The WKND Social is becoming a Jozi institution – meet your hosts
Words: Oratile Mashazi | Photography: Chisanga Mubanga
In 2012 Nandi Dlepu, Thithi Nteta, Vuyiswa Mutshekwane and Tumi Mohale banded together to throw The WKND Social – a brunch-style day party set at varying locations in Joburg – and branded themselves, ‘The Other Girls’. The WKND Social is fast becoming a Jozi institution, and its hosts are a collective of creative and inspirational entrepreneurs shifting perceptions and blasting stereotypes at every opportunity.
In a scene dominated by male promoters, male DJs, male errthang, The Other Girls have gripped a market; and the young, creative and professional who are keen for a jumpampa can naturally be found at their parties.
The hosts of the party are a remarkable quartet of young womyn all established and accomplished in their own right. But how does a crew of homies go from just being choms to building a booming business? Thithi explains.
"The Other Girls started as a way to brand the hosts of the WKND Social, we started out calling ourselves 'The Collective' but at that stage, there were other people using that name and we also wanted to incorporate something about womyn into the name, and so The Other Girls was born."
Their name implies otherness and femininity, and alternative ways of being a womyn. A look at each member reveals that they share a pioneering spirit and offer powerful representations of modern femininity.
"Each of us has chosen alternative paths or made non-conforming life choices. We all wanted to be different and innovative, so the name hints at how we're all doing something that hasn’t been done before."
Basically, to join this esteemed girl gang, you need to be accomplished and well dressed, as well as fresh, inspiring and totally unique.
Nandi’s blogging is a refreshing take on motherhood and fashion, and it takes the form of JohoMoms – a space for mothers to share their stories and give insight into the struggles and joys of being a mom. She also runs the cuteness overdose that is Take That Mason, a blog dedicated to kiddie swag where her son Akani shows off his mother’s excellent taste.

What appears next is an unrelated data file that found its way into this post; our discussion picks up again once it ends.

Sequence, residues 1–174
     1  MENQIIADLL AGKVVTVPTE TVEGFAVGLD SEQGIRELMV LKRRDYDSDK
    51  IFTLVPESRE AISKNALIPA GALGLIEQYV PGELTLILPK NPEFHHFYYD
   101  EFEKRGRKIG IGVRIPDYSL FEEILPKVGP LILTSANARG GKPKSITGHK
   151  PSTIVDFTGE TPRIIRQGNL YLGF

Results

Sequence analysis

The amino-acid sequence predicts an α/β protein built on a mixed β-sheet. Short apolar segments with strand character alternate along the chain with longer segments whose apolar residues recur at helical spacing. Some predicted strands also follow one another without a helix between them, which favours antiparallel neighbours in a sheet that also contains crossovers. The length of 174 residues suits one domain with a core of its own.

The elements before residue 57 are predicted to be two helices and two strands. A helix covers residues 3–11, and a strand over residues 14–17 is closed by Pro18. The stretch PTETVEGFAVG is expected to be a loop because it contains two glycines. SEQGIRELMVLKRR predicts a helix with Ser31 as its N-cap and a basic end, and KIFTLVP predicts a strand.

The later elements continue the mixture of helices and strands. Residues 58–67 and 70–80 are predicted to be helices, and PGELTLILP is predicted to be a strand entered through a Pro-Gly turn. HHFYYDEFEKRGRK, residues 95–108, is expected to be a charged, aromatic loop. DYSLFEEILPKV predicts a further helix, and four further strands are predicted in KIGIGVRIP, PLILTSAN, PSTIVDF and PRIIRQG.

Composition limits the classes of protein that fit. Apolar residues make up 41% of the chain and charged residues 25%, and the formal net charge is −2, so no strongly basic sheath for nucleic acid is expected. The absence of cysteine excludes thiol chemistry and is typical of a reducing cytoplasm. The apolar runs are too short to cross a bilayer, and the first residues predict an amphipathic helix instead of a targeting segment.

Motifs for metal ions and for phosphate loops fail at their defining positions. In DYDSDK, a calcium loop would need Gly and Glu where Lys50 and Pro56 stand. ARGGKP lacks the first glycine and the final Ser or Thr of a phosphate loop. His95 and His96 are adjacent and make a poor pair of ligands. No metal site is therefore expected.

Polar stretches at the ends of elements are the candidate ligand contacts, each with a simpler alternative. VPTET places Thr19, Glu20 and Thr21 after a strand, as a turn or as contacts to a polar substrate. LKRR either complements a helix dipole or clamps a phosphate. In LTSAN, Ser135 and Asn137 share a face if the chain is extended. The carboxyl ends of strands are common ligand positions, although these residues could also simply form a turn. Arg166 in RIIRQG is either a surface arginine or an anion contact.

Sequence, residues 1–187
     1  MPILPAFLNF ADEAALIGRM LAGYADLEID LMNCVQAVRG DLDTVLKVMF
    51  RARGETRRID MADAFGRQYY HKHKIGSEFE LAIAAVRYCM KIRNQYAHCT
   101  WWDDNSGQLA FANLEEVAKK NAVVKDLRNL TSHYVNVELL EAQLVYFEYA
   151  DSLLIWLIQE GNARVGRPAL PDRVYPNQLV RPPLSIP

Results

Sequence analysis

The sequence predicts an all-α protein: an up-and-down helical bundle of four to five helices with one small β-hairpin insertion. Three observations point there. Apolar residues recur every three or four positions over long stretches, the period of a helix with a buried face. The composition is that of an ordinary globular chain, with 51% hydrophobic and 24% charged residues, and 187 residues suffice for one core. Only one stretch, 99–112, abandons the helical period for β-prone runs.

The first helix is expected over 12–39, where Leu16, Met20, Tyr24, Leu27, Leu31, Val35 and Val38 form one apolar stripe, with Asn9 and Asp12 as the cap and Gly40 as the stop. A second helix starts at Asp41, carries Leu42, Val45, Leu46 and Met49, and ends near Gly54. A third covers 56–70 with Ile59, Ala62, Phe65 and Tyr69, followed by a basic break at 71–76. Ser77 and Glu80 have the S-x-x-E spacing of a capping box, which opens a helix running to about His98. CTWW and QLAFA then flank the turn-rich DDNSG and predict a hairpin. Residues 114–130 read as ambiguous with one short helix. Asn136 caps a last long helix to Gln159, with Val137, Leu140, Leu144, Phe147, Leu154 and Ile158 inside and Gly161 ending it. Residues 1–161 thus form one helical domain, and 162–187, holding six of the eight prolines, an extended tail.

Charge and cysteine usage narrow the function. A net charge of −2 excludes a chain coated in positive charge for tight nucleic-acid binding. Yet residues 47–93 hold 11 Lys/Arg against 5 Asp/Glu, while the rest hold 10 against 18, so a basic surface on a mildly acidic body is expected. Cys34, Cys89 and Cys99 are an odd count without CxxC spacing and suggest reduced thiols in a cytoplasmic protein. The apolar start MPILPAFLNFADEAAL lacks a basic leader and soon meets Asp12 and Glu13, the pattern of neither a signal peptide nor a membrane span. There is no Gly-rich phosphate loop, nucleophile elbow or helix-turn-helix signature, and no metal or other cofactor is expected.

Thithi is a star, and her blog is like a bible to young fashion disciples. Driven and ambitious with sublime personal style, she's at once self-possessed and serious, but just under her pulled-together exterior is a fountain of fun waiting to bubble over.
Tumi, sweet Tumi, is the queen I met upon my arrival at last month’s WKND Social. She concerned herself with my joy, and introduced me to some interesting folks all in a single breath. An experienced event planner and dream architect, she embodies glamour and good times.
Vuyiswa, the serial entrepreneur and CEO of South African Institute of Black Property Practitioners, is a corporate powerhouse and business maven. This young person has a CV to envy, as she continues to blaze trails in the fashion, marketing and events spheres.
Each of them is intriguing, and they represent the power and profit in being yourself – in being creative and commodifying your interests so that others, like you, can revel in shared experiences. It is a thing of beauty really, and so empowering to see the young, black and female coining it through fun!
The stereotypes around womynhood, womyn working together, womyn in the workplace, and womyn with children are decimated here. Their events are a necessary experience for everyone who lives in Gauteng, and the afterparty just keeps growing every month, bringing more people into Jozi’s CBD, and offering them an opportunity to drink and dance the day away in a pro-femme environment. That shit is radical and so empowering to observe. I asked Thithi what lies ahead for them and The WKND Social.
"The WKND Social and The Other Girls turn 'four' this October, so we’re working on making that spectacular and perhaps shifting perceptions around what The WKND Social is."
That's exciting news for the city and a testament to what can happen when co-operation and creativity come together. But no success story is without its challenges and in this case, they had to overcome the usual sexism of being womyn in business.
"When we started, we only hired girls to DJ, bartend and promote the party – but then we had to dispel rumours about the party being just for womyn, as our objective is for everyone to have a good time."
What's interesting is that promoters and party throwers with Y chromosomes never have to deal with such stereotyping. A party can have an all-male lineup and only men profiting from it, and no one would question who the party was for.
Sexism is rife in SA and their success story is both moving and inspiring. The Other Girls are important figures in South Africa’s creative and entrepreneurial scenes – their work breaks ground for other womyn to do the same, and for other womyn to see the power in practising feminism. How refreshing it is to see The Other Girls making choices that suit them rather than our society at large.